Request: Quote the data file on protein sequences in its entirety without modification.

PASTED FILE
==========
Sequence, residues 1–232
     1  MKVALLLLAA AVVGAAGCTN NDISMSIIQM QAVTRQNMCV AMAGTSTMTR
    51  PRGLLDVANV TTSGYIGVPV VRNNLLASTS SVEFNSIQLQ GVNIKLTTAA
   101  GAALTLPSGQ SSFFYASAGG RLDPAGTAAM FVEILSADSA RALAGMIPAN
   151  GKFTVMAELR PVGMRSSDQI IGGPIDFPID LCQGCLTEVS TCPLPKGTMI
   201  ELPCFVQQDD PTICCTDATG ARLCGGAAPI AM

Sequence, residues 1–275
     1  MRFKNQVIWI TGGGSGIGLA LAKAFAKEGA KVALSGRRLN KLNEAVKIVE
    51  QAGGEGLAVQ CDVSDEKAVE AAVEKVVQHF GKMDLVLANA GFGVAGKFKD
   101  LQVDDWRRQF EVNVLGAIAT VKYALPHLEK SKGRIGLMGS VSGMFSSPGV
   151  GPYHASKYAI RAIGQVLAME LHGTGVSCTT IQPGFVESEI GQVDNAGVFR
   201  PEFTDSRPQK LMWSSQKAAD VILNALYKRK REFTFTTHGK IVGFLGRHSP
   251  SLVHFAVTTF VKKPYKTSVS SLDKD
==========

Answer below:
Sequence, residues 1–232
     1  MKVALLLLAA AVVGAAGCTN NDISMSIIQM QAVTRQNMCV AMAGTSTMTR
    51  PRGLLDVANV TTSGYIGVPV VRNNLLASTS SVEFNSIQLQ GVNIKLTTAA
   101  GAALTLPSGQ SSFFYASAGG RLDPAGTAAM FVEILSADSA RALAGMIPAN
   151  GKFTVMAELR PVGMRSSDQI IGGPIDFPID LCQGCLTEVS TCPLPKGTMI
   201  ELPCFVQQDD PTICCTDATG ARLCGGAAPI AM

Sequence, residues 1–275
     1  MRFKNQVIWI TGGGSGIGLA LAKAFAKEGA KVALSGRRLN KLNEAVKIVE
    51  QAGGEGLAVQ CDVSDEKAVE AAVEKVVQHF GKMDLVLANA GFGVAGKFKD
   101  LQVDDWRRQF EVNVLGAIAT VKYALPHLEK SKGRIGLMGS VSGMFSSPGV
   151  GPYHASKYAI RAIGQVLAME LHGTGVSCTT IQPGFVESEI GQVDNAGVFR
   201  PEFTDSRPQK LMWSSQKAAD VILNALYKRK REFTFTTHGK IVGFLGRHSP
   251  SLVHFAVTTF VKKPYKTSVS SLDKD